We are about 90 percent done. At the height of it, we had more than 17,000 people in trailers and now it's just 1,600. We have made some tremendous progress. My goal, on Sept. 26, is that every one of those individuals and families will have left our travel trailers and found permanent housing.

You say the 2004 response was generally considered to be good. But the response to Hurricane Katrina was widely regarded as a failure. Are there lessons that you and your office took away from Katrina?

Of course. We take away lessons from every storm. But I think the model we have down here in Florida works very, very well. It's one team, one fight. The government structure down here is very different. They know what their role is. I don't think a Katrina-like catastrophe would happen here in Florida, based on Florida's ability and preparedness, to handle the storms.

Folks forget that Hurricane Wilma was larger than any two of the 2004 storms combined. I am very proud of the response and the recovery efforts after Wilma. Considering all the criticism that FEMA had received after Katrina, I think the response to Wilma speaks volumes about the state of Florida and how it's set up to address these issues.

Because it's surrounded by so much water, some people are afraid Tampa Bay may be vulnerable to a Katrina-like disaster. Is the Tampa Bay area prepared for a catastrophic storm?

I think they are very prepared. I think all the levels of government there understood what needs to be done, even prior to Katrina. Let's take it a year back - Charley was going directly toward Tampa. Everyone was extremely worried about that, but I think Tampa was very well prepared.

Would there be problems if something like that happens? Absolutely. But they're not going to be caught flat-footed.

For months, Congress has debated whether FEMA should remain a branch of the Department of Homeland Security or if it should be a separate agency. Has the uncertainty been difficult for you and your office?

No. I feel we are going to perform our duties no matter where we are.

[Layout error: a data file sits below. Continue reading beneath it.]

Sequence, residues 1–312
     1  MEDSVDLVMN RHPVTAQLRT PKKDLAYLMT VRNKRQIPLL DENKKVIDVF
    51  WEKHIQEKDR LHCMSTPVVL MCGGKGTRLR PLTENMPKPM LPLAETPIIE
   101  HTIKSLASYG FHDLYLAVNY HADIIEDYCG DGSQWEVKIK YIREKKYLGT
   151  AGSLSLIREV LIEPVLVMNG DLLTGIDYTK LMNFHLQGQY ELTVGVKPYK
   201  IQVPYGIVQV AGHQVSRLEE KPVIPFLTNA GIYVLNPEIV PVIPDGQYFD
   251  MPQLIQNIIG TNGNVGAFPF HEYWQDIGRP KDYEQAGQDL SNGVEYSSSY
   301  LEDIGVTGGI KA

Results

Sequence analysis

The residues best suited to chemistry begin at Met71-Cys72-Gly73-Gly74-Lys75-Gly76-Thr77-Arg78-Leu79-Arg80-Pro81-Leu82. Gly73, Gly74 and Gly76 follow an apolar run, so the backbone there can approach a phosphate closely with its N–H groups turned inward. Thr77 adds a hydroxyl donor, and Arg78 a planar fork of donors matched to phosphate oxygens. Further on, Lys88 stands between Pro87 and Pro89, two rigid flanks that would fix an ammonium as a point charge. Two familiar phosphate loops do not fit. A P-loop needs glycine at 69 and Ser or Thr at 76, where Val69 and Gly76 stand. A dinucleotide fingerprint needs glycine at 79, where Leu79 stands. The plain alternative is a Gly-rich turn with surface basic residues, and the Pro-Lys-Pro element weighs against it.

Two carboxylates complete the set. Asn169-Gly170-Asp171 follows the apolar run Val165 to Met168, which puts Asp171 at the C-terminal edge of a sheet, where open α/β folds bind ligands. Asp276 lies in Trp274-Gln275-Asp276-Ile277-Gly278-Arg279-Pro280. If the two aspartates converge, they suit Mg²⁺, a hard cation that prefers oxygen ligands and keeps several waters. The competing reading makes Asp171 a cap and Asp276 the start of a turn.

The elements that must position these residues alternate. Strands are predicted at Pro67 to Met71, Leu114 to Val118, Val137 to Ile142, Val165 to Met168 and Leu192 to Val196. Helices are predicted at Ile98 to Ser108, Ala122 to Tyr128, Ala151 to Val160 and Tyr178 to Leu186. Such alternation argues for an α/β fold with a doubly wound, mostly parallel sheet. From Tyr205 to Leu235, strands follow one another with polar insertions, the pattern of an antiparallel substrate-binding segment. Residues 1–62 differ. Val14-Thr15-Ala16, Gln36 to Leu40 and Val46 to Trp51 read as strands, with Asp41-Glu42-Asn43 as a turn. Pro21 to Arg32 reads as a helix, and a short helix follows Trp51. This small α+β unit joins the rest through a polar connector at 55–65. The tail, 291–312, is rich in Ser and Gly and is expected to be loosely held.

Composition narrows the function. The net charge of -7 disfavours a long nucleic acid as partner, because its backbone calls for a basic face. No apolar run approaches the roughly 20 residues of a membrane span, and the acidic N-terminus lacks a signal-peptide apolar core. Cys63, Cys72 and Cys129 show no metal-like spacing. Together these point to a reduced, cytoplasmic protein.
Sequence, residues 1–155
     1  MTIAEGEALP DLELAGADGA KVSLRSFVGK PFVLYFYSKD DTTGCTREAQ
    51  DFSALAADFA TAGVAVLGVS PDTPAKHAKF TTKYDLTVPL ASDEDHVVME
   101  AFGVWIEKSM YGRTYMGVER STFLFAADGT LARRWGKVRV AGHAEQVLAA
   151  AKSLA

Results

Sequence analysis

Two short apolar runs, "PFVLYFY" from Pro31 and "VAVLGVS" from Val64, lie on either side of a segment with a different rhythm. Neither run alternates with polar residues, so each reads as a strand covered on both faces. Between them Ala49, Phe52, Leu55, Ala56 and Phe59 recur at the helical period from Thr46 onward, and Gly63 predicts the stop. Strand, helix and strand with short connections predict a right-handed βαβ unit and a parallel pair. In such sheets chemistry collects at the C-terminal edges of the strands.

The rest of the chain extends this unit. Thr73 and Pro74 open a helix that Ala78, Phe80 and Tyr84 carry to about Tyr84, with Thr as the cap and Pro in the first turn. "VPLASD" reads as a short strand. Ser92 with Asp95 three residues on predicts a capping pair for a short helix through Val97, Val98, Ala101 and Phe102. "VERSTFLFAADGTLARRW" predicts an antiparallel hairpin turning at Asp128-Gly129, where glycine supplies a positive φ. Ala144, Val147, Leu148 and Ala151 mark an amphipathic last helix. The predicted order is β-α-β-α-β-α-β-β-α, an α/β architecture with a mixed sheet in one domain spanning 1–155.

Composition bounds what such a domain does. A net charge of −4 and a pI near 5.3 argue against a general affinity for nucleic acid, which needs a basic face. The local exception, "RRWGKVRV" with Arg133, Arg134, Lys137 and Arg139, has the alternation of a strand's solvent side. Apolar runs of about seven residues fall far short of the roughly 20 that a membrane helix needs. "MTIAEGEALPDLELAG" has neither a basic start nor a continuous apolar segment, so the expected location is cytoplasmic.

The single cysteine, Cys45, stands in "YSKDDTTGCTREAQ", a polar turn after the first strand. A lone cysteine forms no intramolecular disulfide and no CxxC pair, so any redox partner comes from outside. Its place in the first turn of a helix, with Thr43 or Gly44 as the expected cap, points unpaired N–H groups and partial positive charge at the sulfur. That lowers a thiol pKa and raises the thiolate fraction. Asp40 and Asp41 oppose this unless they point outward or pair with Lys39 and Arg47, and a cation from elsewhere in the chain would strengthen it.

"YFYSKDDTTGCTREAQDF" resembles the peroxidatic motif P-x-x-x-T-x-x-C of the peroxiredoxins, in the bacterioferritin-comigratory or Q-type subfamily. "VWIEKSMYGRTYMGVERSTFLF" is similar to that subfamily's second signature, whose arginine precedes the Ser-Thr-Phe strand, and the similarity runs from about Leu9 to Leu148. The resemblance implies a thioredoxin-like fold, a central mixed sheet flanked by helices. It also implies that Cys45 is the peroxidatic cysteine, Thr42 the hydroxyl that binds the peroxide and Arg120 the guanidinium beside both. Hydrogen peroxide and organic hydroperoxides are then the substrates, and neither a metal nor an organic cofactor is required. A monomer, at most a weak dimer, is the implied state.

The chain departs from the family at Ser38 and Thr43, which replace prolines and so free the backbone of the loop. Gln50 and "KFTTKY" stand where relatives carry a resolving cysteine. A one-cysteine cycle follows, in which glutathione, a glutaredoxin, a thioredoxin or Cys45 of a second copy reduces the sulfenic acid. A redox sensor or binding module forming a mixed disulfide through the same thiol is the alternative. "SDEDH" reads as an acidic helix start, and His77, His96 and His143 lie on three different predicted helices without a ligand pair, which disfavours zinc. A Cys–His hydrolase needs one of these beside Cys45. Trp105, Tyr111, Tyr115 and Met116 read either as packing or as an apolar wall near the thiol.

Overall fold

Do you have an opinion on where FEMA belongs?

I think there is a role for FEMA in the Department of Homeland Security. Absolutely.

There were widespread reports of FEMA misdirecting money after the 2004 season and in the wake of Katrina. What's your office doing about that? Is that a concern of yours?

Absolutely. But we're also just as concerned about not getting the money out. If the money doesn't get down to the individuals, that to me is just as disastrous as money getting into the wrong hands. The percentages are low on the fraudulent claims. Any fraud is too much fraud. But, going too far to correct the system would be just as disastrous.

If you look at the 2005 season here in Florida, you're not seeing many of those fraud cases popping up. We've kept a close eye on it. We have set up a fraud unit within the Florida Long Term Recovery Office to work very closely with the inspector general's office.

Lastly, do you fear people are becoming overly dependent on FEMA for aid in the wake of a hurricane?

There needs to be some personal responsibility and some personal preparedness. You should not have to rely on the government when the stores are popping open and the power lines are coming back up. You need to be self-sufficient for 72 hours. That's not a lot to ask.

When you make the decision not to be prepared, you're not only putting yourself in danger, you're putting your family in danger and, perhaps, your neighbors in danger. And ultimately you're putting the first-responders in danger because they're going to have to come in and help you out. You're making decisions that are going to affect a lot of people down the line. To me, that is irresponsible.

[Last modified August 13, 2006, 01:21:35]